Stranger Things 4: The Hellfire Club

Season 4. Episode 1.

Well. I covered the very first episode of Stranger Things back in July 2016 on the day that the first season was released. I took a chance on the Duffer Brothers’ creation based on one review in the A.V. Club and I’ve been covering it ever since. This is the only show that I have written about from start to finish, so I would like to begin by thanking everyone that has come on this journey with me. We’re nearly there…

Stranger Things 3 was uneven, but ultimately satisfying. This latest season needed to come racing out of the traps though, and by God, does it succeed in that remit. From the cold open that seems to suggest that Eleven (I will be ignoring her Sunday name of ‘Jane’ for now) killed a bunch of people in the Institute. It is clear from this sequence that this season of Stranger Things will be a different beast. Darker. More horrifying.

Elsewhere, there is some conflict between Lucas and the rest of the gang as he is torn between being a jock and a nerd, Nancy and Jonathan seem distant in more ways than one, Steve Harrington and his beautiful hair continue their search for love and Joyce Byers forms part of a wonderful team up with Murray (albeit over the phone) to get to the bottom of a mysterious porcelain doll sent all the way from Russia. There is a lot of catching up in this episode. What sets The Hellfire Club aside from other season openers is not just the tonal shift, but also the successful integration of a series of new characters. Namely:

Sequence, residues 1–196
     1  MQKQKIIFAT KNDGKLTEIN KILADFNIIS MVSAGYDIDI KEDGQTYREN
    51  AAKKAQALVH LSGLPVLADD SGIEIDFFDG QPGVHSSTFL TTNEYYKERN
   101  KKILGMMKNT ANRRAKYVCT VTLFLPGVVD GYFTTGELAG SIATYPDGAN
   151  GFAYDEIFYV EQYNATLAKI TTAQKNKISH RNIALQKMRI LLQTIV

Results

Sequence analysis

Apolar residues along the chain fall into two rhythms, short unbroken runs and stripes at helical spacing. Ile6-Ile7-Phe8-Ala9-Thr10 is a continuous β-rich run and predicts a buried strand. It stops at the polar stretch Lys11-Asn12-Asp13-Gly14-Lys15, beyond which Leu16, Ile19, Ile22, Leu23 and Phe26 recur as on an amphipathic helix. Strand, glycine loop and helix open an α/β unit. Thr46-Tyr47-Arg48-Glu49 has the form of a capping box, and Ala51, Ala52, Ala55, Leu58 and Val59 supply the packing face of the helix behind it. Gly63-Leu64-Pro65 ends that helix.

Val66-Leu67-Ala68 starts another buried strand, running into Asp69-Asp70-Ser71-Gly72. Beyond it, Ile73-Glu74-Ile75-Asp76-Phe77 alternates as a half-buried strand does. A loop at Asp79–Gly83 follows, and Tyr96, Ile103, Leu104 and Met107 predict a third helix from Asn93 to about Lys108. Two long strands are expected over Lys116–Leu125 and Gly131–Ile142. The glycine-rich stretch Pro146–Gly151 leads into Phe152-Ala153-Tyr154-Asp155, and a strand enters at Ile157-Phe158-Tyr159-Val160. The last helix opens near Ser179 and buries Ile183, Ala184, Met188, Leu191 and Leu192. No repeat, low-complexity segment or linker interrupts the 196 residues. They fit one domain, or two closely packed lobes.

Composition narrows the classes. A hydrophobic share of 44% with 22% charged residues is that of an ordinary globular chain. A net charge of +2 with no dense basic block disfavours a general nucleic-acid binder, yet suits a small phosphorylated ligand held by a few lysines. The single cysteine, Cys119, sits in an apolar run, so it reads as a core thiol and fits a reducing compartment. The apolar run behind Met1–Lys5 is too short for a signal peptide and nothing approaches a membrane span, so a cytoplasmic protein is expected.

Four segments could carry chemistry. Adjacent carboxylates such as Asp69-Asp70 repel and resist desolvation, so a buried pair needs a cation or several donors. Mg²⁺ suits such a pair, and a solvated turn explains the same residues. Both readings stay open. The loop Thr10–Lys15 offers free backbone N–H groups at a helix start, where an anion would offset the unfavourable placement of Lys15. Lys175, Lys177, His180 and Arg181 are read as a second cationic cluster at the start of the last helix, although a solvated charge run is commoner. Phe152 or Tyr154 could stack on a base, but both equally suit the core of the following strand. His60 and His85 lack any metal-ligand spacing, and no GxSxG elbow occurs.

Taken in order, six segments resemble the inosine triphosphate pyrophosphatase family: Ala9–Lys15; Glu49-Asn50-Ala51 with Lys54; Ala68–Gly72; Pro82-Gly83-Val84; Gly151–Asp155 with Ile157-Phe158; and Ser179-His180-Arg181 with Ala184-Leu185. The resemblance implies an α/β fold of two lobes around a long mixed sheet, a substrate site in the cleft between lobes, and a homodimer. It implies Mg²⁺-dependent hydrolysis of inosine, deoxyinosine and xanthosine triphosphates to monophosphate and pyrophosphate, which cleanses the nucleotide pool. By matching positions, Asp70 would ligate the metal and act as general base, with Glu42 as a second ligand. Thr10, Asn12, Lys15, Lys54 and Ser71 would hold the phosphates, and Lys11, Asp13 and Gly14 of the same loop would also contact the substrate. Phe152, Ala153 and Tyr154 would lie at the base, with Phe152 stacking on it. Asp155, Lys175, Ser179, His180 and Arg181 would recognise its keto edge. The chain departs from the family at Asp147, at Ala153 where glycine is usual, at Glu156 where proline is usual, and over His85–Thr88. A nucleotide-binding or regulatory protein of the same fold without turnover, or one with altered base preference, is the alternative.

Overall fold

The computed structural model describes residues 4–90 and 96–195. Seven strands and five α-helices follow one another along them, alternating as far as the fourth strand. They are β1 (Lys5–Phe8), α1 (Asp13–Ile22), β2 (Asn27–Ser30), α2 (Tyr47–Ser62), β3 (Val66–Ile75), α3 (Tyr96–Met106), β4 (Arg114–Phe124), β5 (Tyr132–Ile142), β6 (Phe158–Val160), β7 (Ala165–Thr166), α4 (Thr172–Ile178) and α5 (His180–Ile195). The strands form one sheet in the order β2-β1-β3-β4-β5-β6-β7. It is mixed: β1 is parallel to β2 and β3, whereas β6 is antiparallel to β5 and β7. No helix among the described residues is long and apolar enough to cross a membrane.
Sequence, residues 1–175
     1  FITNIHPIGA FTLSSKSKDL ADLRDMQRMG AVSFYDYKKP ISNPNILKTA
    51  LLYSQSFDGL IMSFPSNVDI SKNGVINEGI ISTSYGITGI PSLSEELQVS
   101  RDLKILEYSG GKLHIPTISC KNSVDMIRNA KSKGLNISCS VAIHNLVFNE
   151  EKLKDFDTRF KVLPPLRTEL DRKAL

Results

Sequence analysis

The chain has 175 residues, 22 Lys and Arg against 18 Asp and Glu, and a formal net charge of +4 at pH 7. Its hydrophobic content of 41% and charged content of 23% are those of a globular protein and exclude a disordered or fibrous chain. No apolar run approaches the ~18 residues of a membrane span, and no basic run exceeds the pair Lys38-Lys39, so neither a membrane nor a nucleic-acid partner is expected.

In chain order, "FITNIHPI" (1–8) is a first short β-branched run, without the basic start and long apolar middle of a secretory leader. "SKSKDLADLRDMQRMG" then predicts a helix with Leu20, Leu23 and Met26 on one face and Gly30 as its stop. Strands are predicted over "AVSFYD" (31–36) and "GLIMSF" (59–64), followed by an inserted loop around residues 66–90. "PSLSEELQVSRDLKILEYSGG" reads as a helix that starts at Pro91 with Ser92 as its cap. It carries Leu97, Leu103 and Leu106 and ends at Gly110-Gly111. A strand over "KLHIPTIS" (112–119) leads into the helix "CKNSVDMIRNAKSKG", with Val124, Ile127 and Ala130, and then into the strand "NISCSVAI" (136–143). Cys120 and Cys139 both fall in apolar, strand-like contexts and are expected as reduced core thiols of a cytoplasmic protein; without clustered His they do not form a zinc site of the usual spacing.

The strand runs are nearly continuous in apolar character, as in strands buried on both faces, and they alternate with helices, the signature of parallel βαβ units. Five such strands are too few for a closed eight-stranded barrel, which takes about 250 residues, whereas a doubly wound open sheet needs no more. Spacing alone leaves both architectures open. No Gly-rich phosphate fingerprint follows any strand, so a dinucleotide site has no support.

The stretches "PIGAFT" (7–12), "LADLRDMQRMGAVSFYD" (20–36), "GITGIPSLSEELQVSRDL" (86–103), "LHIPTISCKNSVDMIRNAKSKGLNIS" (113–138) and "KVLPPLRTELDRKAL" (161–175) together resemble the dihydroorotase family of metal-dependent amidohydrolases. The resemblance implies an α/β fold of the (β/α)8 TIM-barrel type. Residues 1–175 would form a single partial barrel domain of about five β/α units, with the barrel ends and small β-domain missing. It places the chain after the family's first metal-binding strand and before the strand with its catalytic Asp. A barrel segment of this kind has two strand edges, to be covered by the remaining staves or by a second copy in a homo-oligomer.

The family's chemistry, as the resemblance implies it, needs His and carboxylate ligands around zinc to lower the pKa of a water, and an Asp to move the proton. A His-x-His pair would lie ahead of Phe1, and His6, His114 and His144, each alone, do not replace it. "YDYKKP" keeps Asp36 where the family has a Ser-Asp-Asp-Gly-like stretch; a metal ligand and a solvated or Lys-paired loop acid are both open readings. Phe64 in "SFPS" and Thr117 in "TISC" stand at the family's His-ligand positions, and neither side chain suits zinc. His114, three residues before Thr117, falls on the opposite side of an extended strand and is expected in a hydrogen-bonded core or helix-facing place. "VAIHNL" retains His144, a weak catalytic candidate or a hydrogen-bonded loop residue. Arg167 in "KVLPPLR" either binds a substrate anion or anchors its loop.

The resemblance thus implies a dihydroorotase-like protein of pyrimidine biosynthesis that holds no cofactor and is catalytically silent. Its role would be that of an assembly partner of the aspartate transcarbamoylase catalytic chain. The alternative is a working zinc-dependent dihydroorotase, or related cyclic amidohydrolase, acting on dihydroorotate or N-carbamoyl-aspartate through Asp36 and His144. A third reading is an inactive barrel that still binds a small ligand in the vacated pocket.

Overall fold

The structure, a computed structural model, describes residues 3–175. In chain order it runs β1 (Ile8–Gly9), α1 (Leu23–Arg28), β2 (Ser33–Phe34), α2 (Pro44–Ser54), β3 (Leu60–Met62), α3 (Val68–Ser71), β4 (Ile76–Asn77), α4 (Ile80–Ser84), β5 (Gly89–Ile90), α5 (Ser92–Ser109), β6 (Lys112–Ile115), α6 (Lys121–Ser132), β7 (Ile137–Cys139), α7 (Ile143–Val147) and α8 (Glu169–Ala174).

Eddie Munson – Local D & D enthusiast who initially seems to be a stand in for the recently departed and similarly coiffed Billy Hargrove, but ends up being a fully formed character in his own right, mostly because Joseph Quinn does a great job in bringing a fairly stock character to life.

Chrissy Cunningham – Not just a nod to Friday the 13th creator Chris Cunningham, but also an intriguingly vague mashup of small town cheerleader and victim of Freddy Krueger. Her daydream nightmares are lifted straight out of the Elm Street playbook but it remains to be seen if we will ever hear from her again after this episode’s grisly conclusion.

Vickie: Robyn’s potential love interest and fellow bandmate doesn’t have much to do and we haven’t yet established why Robyn is so into her. Expect more from her in future episodes.

Angela: Just an archetypal bully or something more? Stranger Things is unrivalled in its ability to provide a redemption arc, but her treatment of Eleven here just seems irredeemably cruel.

Much to ponder then, but this is undoubtedly a great start for what is now the biggest show left on TV following the departure of Game of Thrones. It’s great to be back.